The LORD is my shepherd; I shall not want
The twenty-third Psalm is probably the best known of all the Psalms, and imagery of God being our shepherd carries on into the New Testament, where Jesus identifies himself as the ‘good shepherd’ (John 10:11).
King David, the author of this Psalm, was a shepherd himself, and no doubt understood the role well. He knew the dangers of protecting the flock from wild animals, and the need to lead the sheep to food and water. He knew that sheep are essentially stupid, and are not really cut out for life in the wild. They are willing to follow. They need a shepherd.
And what a joy - what a privilege - it is to be able to say that we too have a shepherd, and he is the LORD. The LORD is my shepherd. He’s the one looking after me. He’ll lead me to pastures and still waters.
But do note this: having God as our shepherd does not mean life is without its troubles. The LORD at times leads his flock through the valley of the shadow of death, but even then we must have confidence. The ‘valley of the shadow of death’ is a Hebrew saying which means a very dark place. In other words, even when the world looks dark we can be sure that God will lead us through. After all, the Psalm speaks of walking through the valley, not being left in it.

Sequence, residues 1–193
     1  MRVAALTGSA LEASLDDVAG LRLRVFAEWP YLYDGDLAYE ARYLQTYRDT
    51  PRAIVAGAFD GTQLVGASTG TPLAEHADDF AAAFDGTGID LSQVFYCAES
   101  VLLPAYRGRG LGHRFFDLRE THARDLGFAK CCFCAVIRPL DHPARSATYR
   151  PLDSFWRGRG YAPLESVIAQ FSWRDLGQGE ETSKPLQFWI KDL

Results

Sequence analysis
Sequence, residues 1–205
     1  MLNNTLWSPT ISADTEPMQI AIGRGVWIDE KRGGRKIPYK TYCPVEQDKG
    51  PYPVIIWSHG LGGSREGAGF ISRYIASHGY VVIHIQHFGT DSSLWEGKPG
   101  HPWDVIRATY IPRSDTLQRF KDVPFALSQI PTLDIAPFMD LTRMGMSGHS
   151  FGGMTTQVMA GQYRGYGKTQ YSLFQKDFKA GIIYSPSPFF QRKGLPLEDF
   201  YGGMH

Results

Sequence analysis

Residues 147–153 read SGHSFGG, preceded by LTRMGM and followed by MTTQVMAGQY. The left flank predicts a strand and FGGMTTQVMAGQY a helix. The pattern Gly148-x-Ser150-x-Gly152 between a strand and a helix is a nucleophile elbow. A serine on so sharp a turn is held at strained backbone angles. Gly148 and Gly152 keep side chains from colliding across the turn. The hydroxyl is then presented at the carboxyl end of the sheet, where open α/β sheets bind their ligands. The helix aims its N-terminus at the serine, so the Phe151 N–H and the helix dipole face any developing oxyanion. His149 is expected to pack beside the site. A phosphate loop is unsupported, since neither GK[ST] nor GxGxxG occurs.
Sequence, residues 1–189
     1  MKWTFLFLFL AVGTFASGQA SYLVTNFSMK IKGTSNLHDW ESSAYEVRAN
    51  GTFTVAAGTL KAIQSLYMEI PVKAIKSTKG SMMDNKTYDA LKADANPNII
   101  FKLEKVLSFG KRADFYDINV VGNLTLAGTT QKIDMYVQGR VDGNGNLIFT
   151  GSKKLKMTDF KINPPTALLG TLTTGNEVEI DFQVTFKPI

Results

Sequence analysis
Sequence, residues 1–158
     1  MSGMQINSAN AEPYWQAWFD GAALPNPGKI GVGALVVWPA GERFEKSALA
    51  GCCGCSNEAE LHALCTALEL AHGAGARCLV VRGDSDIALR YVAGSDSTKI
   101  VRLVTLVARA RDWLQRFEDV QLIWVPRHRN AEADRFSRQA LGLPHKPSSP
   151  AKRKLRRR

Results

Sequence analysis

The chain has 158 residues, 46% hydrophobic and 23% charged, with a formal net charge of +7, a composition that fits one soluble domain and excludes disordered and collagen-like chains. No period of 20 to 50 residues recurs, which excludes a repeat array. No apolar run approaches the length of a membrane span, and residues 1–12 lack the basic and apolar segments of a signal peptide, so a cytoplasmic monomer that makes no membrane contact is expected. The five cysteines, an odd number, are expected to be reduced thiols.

But where are we being led? To the house of the LORD:
“Surely goodness and mercy shall follow me all the days of my life, and I shall dwell in the house of the LORD forever.”
The Good Shepherd may lead us through perilous and difficult valleys, but if we follow him with one eye on heaven we will walk with more confidence. Let us not be like the sheep that stray into the hedges and get stuck. Instead let us follow our eternal and all-powerful Shepherd.